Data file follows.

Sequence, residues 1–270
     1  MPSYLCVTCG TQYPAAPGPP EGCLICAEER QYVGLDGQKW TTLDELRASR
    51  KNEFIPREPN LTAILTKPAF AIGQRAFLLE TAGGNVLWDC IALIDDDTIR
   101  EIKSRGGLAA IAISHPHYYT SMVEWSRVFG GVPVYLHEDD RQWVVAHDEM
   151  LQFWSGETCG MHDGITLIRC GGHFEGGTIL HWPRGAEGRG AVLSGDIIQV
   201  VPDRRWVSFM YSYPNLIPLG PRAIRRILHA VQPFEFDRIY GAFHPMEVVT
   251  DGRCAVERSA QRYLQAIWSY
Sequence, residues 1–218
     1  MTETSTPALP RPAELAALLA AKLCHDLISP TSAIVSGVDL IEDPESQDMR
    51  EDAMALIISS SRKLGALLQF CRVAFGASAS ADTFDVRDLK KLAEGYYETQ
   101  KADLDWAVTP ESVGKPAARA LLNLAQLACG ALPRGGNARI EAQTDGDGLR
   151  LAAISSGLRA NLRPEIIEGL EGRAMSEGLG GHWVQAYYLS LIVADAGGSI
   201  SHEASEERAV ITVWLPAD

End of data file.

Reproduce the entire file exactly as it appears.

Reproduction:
Sequence, residues 1–270
     1  MPSYLCVTCG TQYPAAPGPP EGCLICAEER QYVGLDGQKW TTLDELRASR
    51  KNEFIPREPN LTAILTKPAF AIGQRAFLLE TAGGNVLWDC IALIDDDTIR
   101  EIKSRGGLAA IAISHPHYYT SMVEWSRVFG GVPVYLHEDD RQWVVAHDEM
   151  LQFWSGETCG MHDGITLIRC GGHFEGGTIL HWPRGAEGRG AVLSGDIIQV
   201  VPDRRWVSFM YSYPNLIPLG PRAIRRILHA VQPFEFDRIY GAFHPMEVVT
   251  DGRCAVERSA QRYLQAIWSY
Sequence, residues 1–218
     1  MTETSTPALP RPAELAALLA AKLCHDLISP TSAIVSGVDL IEDPESQDMR
    51  EDAMALIISS SRKLGALLQF CRVAFGASAS ADTFDVRDLK KLAEGYYETQ
   101  KADLDWAVTP ESVGKPAARA LLNLAQLACG ALPRGGNARI EAQTDGDGLR
   151  LAAISSGLRA NLRPEIIEGL EGRAMSEGLG GHWVQAYYLS LIVADAGGSI
   201  SHEASEERAV ITVWLPAD